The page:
All Creatures Great and Small

Friday 22nd July 2016

One of the attractions of safari is not knowing what you will see. The wildlife doesn’t come to order, sometimes it will be there for all the world to see (well, at least you and your driver); while at other times you will scour the area, but sadly finding very little. Over the years visiting Kenya we have seen the expected (or hoped for) and the totally unexpected in equal measure, from the tiniest of insects to the largest of elephants.

Rock Skimmer

This morning we were up early and out on the road in time to see the sunrise over the savannah. Today we were making our way to the Rhino Sanctuary. Meru was once abundant with Elephant and Rhino, but poaching, sadly, almost wiped out the population of both in the criminal’s zest for rhino horn and ivory on false promises of riches or good health. Over the years the situation has been reversed and the populations of both these magnificent animals is on the increase. The thick dense scrub the abounds in Meru is testament to the years that the park was bereft of Elephants, prime grazers of scrub; but now the population has returned they are slowly but surely eating their way to reverse that position.

Samburu Tusker

This morning we were making our way to the Rhino Sanctuary that is now home to well over 100 White Rhinos, in a secure and protected environment, watched over by a permanent ranger force 24 hours a day. On arrival at the sanctuary gates we were greeted warmly by the rangers, genuinely pleased to see us. However hard he tried though, Philip appeared disappointed that he only managed to find us a distant view of two adult rhinos and a calf.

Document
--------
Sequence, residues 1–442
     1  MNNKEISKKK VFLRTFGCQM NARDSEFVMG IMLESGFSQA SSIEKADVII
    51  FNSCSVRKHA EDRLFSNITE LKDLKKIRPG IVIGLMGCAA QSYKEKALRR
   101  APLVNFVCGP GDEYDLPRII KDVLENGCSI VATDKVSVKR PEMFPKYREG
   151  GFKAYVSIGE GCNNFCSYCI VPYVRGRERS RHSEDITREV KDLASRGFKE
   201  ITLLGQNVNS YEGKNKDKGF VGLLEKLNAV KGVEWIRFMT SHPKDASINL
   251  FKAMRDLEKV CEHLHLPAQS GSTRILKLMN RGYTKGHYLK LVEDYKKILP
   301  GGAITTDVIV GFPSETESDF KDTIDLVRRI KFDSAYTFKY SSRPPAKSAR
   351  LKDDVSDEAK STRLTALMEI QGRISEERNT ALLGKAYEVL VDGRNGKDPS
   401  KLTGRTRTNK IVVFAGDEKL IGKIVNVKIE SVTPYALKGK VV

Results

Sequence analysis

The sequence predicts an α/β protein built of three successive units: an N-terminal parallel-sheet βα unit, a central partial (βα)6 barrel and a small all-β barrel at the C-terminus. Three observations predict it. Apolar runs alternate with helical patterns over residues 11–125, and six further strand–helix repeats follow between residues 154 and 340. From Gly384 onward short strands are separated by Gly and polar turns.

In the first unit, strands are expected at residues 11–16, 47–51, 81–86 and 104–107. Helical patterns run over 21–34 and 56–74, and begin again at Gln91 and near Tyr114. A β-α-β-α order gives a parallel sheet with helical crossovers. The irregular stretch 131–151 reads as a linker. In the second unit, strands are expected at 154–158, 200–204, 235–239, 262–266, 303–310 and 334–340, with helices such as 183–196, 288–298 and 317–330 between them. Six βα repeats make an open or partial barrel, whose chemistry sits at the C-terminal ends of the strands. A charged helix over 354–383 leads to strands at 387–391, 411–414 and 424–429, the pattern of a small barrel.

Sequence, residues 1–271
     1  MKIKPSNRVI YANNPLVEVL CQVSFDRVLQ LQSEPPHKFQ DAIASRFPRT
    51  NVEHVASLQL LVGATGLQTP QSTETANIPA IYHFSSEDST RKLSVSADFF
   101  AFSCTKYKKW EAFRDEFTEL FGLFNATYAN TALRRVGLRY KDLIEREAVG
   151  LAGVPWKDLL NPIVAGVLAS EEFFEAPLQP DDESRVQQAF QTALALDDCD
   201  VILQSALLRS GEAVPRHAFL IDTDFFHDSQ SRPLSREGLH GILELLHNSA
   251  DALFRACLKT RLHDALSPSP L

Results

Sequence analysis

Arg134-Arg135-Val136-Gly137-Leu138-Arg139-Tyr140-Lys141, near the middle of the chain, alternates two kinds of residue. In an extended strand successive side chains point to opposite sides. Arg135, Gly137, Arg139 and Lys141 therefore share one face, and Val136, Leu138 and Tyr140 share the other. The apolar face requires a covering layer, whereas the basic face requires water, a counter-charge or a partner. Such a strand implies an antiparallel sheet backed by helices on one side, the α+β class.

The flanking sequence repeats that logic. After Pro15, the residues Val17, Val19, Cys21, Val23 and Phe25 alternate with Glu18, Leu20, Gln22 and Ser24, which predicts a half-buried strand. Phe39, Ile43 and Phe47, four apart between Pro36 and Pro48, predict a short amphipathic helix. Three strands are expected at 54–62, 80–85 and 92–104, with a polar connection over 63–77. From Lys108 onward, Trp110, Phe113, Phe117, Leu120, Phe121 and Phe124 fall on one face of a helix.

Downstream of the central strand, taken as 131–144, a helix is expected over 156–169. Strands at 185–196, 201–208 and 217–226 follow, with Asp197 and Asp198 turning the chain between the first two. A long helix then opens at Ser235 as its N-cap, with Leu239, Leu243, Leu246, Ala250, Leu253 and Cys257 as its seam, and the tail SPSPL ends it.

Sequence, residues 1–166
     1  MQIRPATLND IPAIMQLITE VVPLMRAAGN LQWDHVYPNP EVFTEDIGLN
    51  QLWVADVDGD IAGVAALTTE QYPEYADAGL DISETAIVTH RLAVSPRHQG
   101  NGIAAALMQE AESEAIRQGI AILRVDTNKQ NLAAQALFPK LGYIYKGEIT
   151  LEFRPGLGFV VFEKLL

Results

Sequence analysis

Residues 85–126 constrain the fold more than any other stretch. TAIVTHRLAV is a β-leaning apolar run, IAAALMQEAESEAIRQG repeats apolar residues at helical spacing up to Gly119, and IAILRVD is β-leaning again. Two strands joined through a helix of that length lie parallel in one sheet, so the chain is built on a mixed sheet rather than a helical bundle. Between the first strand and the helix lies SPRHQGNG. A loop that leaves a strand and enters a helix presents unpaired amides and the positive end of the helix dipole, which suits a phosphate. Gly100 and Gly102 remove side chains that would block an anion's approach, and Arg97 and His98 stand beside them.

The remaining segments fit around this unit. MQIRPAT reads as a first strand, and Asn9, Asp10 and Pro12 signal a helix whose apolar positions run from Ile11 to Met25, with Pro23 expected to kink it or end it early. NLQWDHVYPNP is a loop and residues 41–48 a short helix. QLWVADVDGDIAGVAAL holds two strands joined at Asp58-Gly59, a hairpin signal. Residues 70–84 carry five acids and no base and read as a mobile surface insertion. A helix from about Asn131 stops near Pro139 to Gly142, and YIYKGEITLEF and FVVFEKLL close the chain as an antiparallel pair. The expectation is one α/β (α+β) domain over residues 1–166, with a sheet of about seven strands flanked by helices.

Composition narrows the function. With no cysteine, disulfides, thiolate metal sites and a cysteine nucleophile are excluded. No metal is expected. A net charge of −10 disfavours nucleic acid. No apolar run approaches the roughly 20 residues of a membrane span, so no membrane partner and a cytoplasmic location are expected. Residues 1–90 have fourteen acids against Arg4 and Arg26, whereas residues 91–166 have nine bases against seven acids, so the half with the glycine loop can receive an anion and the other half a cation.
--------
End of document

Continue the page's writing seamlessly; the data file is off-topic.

Rhino with Ox-peckers

Having completed the circuit of the sanctuary, we headed back to the gate and thanking the rangers re-entered the main park again. As we continued our quest we came across Elephants, Zebra, Waterbuck, Crocodiles and Hippos. The bird life was also plentiful with good views of Grey Chanting Goshawk, Cattle Egret and Great White Egret.

We drove to the banks of the Rojewero River where Philip found us a shady spot to eat breakfast. As we ate, a Hornbill sat on a nearby branch having its own breakfast. After breakfast we continued our game drive, visiting the Hippo Pool, where we saw several Hippos wallowing in the water. All too soon though, it was time to head back on a slow drive to Elsa’s for lunch.

Wallowing Hippo

While sitting outside writing up our safar diary, I was joined by a pair of Hornbills in a tree right by our cottage, truly surrounded by the wildlife in this idyllic spot. Talking to Philip the lodge manager, after lunch, he agreed on Philip’s identification of the African Barred Spotted Owlet yesterday, indicating that this was a possible first for Meru and that Philip our driver, should report it the the Kenya Wildlife Service so that it could be recorded.

Post-safari note: On our return home I submitted the sighting and my photographs to Nature Kenya, the East African Natural History Society, based in Nairobi. Sadly they identified it as a more common Pearl-Spotted Owlet. So sadly not a rarity, but despite this we were very happy to have been so privileged to have seen it. To our guide, Philip “Bird” Mukuhi, asante sana for sharing with us your Meru and for showing us some of its matural treasures and wonders.

Later that afternoon it was time for our evening game drive, on which we covered a fair few miles and managed to see a number of unusual sights. Once again, Kenya produced things we had not seen before – a Pygmy Falcon; a Giraffe sleeping (they only sleep for a few minutes every day and they sleep standing up!); a juvenile Snake Eagle; and a Secretary Bird in flight. I commneted to Philip that we had seen fewer and fewer Vultures over the years. He confirmed that they do appear to becoming rarer, but he took us to a group of trees which the Vultures use as a roost site, and sure enough there were several pairs there.

Under a cloudless blue sky, we turned back towards Elsa’s and finding an animal-free spot on the savannah a short distance from camp, we stopped for our sundowners, watching the sun sink slowly behind the hills. On returning to the lodge, once again dinner was served by candlelight on the lawn, but sadly tomorrow we move on from this idyllic spot.

Saturday 23rd July 2016

This mornign was a lie in for both us and for Philip. Following a late breakfast we left Elsa’s saying Kwaheri to this wonderful place and the fantastic people who have looked after us so well.